What had seemed to be an ordinary fall for most, had been just the opposite for me.
There are days when I am convinced that the whole thing never happened — that old age and the passage of time had gotten the better of me. But then there are those other days; and especially the nights, when the flashes of memory are so vivid that I can swear that I was back there once more, and I wonder all over again if I have lost my mind.
If I close my eyes, I can be brought right back to those days and I can see everything. I can play it all back, again and again and again, and remember that sick feeling in my gut when I knew everything was all wrong.
It all started with the colors: the colors of fall. They were fading.
The change was very subtle at first — almost imperceptible — but it was there. The vibrancy was gone from the reds and the yellows, and the crispness was gone from the oranges and the browns. A dullness had washed over the once heightened colors of fall, much like the harvested corn fields that stood at the end of town, and I felt like it was beginning to affect my mood. The brilliant colors were supposed to be the trade-off for the end of summer; rather like a consolation prize for losing the warmth and sliding into the cold and the often-dreary days of fall.
And, then, suddenly everything turned gray. It was like a filter had been applied to the entire town and we were being gypped of our beautiful tableau.
A dirty, putty-hued filter was over everything. It was ugly. It was sad. And it was blindingly disruptive. I found myself slipping deeper and deeper into a depression. But as strange as this phenomenon was — what was even stranger — was that no one else was acknowledging that it was happening. Not one single, solitary soul had remarked upon it to me. No one. Not one person. I repeatedly would mention my observations and repeatedly my remarks were ignored. I was incredulous at their lack of comments on the situation. How could they not notice? How could they not see what was happening around them? Was I surrounded by the inept and the inane?
And it continued — the days growing ever shorter, darker, colder. Those around me seeming to do the same, so much so, that I finally began keeping my mouth shut. I kept the shock of what was happening to myself as people were now openly avoiding me. It wasn’t my imagination. They were avoiding me. My newly found state of oddness was keeping them away. And It wasn’t just the fading colors and the avoidance of people that was troubling. There was a distinct lack of birds in the sky as well. No birds, no geese or ducks along the flyway where there should have been thousands filling it by now — nothing but empty skies and empty trees. A feeling of desolation was encircling the town and it was as if nothing alive wanted to be here. I was beginning to feel the weight of the days on my heart.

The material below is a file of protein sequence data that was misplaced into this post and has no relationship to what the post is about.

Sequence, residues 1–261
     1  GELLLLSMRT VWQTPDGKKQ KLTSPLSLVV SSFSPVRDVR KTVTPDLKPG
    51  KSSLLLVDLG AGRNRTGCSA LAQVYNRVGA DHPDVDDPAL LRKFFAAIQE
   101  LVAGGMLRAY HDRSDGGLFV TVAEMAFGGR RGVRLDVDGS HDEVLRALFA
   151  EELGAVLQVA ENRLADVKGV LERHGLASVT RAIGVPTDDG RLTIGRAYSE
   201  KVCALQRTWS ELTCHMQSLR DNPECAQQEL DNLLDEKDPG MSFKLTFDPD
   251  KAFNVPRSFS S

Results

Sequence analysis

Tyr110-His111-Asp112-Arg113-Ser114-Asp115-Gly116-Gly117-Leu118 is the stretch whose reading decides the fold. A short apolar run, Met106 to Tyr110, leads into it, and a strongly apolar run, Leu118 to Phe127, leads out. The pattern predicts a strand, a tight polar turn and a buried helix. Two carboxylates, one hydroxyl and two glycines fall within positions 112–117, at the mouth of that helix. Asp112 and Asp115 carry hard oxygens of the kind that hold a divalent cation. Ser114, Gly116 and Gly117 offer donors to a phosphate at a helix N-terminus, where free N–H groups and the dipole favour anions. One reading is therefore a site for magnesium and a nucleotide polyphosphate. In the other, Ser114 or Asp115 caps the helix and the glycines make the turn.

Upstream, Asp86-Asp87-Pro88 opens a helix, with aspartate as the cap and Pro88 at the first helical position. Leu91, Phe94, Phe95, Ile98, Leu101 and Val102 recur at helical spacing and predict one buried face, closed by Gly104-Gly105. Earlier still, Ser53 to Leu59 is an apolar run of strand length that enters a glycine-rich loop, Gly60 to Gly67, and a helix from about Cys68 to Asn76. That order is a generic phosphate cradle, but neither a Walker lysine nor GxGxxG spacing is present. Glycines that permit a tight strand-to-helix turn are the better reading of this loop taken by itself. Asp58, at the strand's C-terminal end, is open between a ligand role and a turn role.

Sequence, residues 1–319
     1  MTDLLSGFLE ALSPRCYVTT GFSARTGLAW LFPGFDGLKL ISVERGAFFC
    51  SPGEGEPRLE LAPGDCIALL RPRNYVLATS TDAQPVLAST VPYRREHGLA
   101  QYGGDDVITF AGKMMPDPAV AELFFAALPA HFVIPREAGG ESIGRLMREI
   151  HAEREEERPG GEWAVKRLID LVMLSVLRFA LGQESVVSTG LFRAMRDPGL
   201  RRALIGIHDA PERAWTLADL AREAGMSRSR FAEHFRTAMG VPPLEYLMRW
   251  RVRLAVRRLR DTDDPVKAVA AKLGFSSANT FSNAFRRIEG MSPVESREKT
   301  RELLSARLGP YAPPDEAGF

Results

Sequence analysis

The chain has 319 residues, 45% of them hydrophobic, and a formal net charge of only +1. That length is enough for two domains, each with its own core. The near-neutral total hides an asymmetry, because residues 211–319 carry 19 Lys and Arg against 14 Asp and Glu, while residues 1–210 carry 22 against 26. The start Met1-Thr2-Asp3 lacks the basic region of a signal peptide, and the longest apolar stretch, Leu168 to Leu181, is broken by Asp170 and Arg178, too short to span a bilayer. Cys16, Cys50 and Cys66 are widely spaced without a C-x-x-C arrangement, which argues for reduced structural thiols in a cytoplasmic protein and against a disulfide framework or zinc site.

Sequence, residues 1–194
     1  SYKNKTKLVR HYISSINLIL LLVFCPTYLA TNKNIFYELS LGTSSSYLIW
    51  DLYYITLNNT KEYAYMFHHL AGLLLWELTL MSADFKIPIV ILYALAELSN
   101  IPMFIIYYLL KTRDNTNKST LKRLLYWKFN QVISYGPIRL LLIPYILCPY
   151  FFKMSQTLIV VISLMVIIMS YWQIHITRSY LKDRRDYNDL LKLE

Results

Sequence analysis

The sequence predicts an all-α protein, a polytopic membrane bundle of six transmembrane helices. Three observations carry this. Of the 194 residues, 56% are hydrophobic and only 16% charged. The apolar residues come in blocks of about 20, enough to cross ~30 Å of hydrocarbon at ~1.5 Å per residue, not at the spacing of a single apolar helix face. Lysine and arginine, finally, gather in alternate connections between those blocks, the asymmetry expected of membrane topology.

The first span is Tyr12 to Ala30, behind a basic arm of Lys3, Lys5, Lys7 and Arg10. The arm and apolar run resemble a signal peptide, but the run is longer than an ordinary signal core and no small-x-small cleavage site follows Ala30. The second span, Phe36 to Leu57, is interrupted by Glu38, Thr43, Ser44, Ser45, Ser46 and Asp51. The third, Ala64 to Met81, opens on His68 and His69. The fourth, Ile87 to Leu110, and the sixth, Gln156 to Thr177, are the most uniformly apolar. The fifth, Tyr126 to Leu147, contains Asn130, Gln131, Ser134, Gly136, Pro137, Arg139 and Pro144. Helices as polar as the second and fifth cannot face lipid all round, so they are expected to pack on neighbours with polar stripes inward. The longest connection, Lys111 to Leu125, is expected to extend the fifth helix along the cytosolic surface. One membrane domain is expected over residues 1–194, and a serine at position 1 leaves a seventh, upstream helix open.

I didn’t feel like talking to anyone, and they obviously felt the same about me. I knew that we were in the middle of something; something had to be happening — I just didn’t know what. All I knew was that I was as miserable as I’d ever been, and no one seemed to care. I slowly began to close myself off and as the days wore on, I began to speculate. Sorrowfully, these speculations were just as dark and somber as the days and I was beginning to fret. I wasn’t sleeping well, and I had very little appetite. Something needed to change, or I was going to slide off that slippery edge that everyone was talking about and spend the rest of my years trying to find my way back.
It was then — at my most anguished moment that I noticed him.
He was leaning his left side against the brick wall of our neighborhood market and he was smoking, holding the cigarette loosely in his right hand.
I really couldn’t discern his age — he could have been anywhere from 13 to 20 — incredibly tall and thin, with brownish/blonde hair down to his shoulders that had been pulled back with a rubber band away from his face. In silhouette, he had fair skin and a reddish hue to his cheeks that popped out like he had a fever. He was looking down and I followed his gaze to his tennis shoes that may very well have once been white; but were now considerably dirty and quite worn. I then let my eyes wander to the rest of his clothing and they, too, were also considerably worn, almost tattered, and didn’t seem to fit him at all — hanging off him as if he was a narrow pole. I immediately felt very sorry for him and I wondered if I should approach him and ask if he needed help of some sort — but, I felt myself hesitating. Something about him, his manner, kept me planted where I was.